int target = 10;

int size = sizeof(array) / sizeof(array[0]);

cout << linearSearch(array, size, target) << endl; // Output: 5

return 0;

}

### Java

public static int linearSearch(int[] array, int tg) {

// Traverse through list

for (int k = 0; k < array.length; k++) {

// Compare each array element with target element

if (array[k] == tg) {

return k;

}

}

// When tg element is not found in array

return -1;

}

public static void main(String[] args) {

int[] array = {2, 5, 4, 3, 2, 10, 5};

int target = 10;

System.out.println(linearSearch(array, target)); // Output: 2

}

### Python

def linear_search(array, tg):

# Traverse through list

for k in range(len(array)):

# Compare each array element with target element

if array[k] == tg:

return k

# When tg element is not found in array

return -1

array = [2, 5, 4, 3, 2, 10, 5]

target = 10

print(linear_search(array, target))  # Output: 5

### JavaScript

function linearSearch(array, tg) {

// Traverse through list

for (let k = 0; k < array.length; k++) {

// Compare each array element with target element

if (array[k] === tg) {

return k;

}

}

// When tg element is not found in array

return -1;

}

const array = [2, 5, 4, 3, 2, 10, 5];

const target = 10;

console.log(linearSearch(array, target)); // Output: 5

The binary search algorithm is more efficient than the linear search algorithm. The binary search algorithm is only implemented on the list if it is sorted in either increasing or decreasing order. It splits the list into 2 parts, checks whether the element is available in the left part or right part, and recursively splits each sub-part.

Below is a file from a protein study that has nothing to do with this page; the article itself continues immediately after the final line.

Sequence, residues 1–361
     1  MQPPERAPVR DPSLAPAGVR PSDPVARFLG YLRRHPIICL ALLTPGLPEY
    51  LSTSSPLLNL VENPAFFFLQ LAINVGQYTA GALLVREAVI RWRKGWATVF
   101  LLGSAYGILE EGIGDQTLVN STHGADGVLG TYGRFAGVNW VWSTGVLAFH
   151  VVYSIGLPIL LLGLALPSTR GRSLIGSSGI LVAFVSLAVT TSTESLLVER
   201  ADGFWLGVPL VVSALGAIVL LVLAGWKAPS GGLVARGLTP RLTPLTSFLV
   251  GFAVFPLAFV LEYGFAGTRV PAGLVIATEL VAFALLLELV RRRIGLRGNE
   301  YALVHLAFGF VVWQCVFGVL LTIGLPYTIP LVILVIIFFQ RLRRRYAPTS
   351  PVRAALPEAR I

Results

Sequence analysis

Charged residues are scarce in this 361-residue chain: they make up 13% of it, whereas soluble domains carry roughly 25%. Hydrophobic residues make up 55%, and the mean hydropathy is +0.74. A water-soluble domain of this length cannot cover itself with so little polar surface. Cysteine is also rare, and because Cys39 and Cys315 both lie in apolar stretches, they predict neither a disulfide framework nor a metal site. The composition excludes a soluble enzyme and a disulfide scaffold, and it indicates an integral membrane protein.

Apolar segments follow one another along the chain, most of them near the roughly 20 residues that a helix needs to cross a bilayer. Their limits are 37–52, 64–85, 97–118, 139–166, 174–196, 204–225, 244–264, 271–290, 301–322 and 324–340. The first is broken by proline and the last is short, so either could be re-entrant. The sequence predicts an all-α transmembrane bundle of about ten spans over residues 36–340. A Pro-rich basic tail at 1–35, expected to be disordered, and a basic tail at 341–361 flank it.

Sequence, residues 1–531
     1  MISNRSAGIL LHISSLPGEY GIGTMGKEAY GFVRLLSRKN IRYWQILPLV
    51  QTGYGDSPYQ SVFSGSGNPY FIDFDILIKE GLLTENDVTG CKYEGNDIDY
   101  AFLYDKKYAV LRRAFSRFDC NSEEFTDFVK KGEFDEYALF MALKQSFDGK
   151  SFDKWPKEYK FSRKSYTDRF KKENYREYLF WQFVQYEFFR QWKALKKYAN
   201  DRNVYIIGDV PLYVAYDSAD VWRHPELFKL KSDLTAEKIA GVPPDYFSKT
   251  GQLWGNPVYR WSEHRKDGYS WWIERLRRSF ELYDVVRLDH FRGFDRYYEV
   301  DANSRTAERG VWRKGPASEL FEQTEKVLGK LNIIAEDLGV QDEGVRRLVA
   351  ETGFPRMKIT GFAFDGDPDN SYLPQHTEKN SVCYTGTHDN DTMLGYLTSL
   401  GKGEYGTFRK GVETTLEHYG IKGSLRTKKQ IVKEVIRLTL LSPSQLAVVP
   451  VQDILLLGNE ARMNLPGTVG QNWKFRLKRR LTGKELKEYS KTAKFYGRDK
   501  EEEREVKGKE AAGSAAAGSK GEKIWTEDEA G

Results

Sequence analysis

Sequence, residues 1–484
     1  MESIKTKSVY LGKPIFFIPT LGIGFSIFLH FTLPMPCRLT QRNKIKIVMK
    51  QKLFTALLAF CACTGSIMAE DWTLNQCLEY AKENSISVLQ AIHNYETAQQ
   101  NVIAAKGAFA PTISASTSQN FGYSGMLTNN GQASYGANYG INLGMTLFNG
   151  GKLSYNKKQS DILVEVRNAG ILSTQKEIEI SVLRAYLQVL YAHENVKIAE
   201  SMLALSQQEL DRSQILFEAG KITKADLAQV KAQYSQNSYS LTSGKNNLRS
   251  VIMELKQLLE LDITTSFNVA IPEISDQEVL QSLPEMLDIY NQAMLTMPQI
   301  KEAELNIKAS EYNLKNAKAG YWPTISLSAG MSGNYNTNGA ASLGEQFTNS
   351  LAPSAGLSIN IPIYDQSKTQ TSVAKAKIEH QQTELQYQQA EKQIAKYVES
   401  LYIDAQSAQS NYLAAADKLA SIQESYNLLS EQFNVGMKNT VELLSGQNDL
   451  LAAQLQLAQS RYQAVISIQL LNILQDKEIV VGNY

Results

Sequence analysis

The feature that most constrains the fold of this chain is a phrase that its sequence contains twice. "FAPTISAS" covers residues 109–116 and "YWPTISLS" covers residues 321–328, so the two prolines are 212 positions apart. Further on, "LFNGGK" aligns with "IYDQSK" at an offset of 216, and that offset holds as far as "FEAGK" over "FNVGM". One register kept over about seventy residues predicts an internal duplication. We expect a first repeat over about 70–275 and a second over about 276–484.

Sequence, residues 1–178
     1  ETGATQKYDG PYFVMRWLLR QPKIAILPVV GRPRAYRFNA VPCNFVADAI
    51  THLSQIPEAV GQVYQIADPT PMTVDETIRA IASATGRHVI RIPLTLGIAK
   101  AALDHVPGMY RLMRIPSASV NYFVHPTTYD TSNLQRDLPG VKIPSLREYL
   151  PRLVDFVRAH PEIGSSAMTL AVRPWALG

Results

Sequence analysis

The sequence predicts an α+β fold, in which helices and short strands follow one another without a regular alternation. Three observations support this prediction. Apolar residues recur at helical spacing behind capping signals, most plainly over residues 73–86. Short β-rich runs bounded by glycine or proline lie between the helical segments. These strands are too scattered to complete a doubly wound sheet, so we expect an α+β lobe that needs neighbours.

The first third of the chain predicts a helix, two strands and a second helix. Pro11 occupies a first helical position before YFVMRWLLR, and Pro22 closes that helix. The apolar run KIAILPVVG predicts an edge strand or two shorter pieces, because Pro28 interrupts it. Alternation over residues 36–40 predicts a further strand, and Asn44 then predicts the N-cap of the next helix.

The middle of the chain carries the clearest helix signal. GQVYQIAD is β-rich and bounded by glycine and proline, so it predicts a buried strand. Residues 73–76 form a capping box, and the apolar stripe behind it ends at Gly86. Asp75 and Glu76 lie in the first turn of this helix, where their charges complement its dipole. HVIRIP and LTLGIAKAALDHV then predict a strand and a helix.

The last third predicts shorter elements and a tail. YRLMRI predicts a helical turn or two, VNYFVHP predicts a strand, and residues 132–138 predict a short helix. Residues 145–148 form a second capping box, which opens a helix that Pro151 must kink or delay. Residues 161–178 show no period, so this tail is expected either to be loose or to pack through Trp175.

The binary search algorithm has lower time complexity as it doesn’t compare each element of the array with the target element. Due to high efficiency, it can be used to locate the element in large datasets.

### Binary Search Algorithm

Follow the below steps to implement the binary search algorithm.

• Start with two pointers, one at the beginning (left) and one at the end (right) of the list.
• While left < right, follow the below steps:
• Calculate the middle index of the current sub-part of the array.
• Compare the target value with the middle element.
• If the target value matches the middle element, return the middle index.
• If the target value is less than the middle element, move the right pointer to the middle index – 1.
• If the target value is greater than the middle element, move the left pointer to the middle index + 1.
• If the target value is not found, return -1.

Here, we have covered the example of a binary search algorithm in various programming languages.